(Host) A local newspaper is in a dispute with police over a threatening letter it received as part of an anthrax hoax. The Times Argus newspaper in Barre was shutdown for several hours on Monday after an editor opened the letter and white powder spilled out. The powder was later determined to be a sodium substance. Police kept the letter as evidence. But now the paper is taking legal action to learn its contents.
VPR’s John Dillon reports:
(Dillon) Times Argus Editor Maria Archangelo says the paper, like any media organization, sometimes gets complaints or angry phone calls. But she says the threatening letter on Monday came without any warning.
(Archangelo) “There was no build-up, no angry phone calls. Nothing.”
(Dillon) Deputy Editor Andrew Nemethy was going through the newsroom mail when he opened the small envelope. When the white powder spilled out, he put the letter in a plastic bag without reading it.
Police don’t want to make it public, because it may contain details known only to investigators and the letter-writer. But Editor Archangelo wants a copy, or at least some more information about its contents.
(Archangelo) “I understand their motives for wanting to keep the information in the letter secret. On the other hand, it was a letter addressed to the editor of the paper. I am the editor of the paper. And I think it does help us prepare more for what could be coming if we actually know what we’re dealing with.”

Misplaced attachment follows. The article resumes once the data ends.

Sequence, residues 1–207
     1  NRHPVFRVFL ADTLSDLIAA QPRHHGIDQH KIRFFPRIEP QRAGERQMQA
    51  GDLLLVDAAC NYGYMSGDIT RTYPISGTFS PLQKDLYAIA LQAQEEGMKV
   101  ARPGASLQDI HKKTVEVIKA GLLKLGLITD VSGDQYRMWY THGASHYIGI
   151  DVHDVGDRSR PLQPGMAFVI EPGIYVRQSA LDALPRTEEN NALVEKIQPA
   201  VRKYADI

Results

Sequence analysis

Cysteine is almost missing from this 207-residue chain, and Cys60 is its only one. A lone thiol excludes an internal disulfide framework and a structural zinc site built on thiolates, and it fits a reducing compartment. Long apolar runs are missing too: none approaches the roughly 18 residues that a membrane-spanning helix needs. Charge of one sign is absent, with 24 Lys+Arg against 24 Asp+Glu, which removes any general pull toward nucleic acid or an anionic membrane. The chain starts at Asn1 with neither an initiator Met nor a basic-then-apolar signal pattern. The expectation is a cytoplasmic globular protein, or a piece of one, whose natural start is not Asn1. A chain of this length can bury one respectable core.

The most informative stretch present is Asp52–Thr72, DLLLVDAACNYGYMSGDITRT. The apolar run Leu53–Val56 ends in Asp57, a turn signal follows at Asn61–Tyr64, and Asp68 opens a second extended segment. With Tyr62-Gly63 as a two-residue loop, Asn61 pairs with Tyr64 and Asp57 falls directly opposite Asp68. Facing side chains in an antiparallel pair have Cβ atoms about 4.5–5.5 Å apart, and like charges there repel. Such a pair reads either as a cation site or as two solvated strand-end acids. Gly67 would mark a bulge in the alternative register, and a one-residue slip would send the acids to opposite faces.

(Dillon) The newspaper learned from a source that the letter writer complained about the paper publishing bankruptcy filings, which are public record. The bankruptcies are also published each week by the Rutland Herald, the Times Argus’s sister paper.
Police told the paper that the threat was not directed at one person. But State Police Lieutenant David Harrington also said the letter indicated that the threat may be ongoing. He advised the paper to take precautions when handling mail.
(Harrington) “So I think law enforcement was very responsive to the needs of the Times Argus in terms of balancing that public safety issue with the legitimate law enforcement issue, which is preserving certain information that would only be known to the person that wrote the letter and law enforcement officials investigating it.”
(Dillon) Harrington also points out that the matter is out of his hands, since it’s now under federal investigation. The paper plans to file a Freedom of Information Act request with the FBI.
For Vermont Public Radio, I’m John Dillon in Montpelier.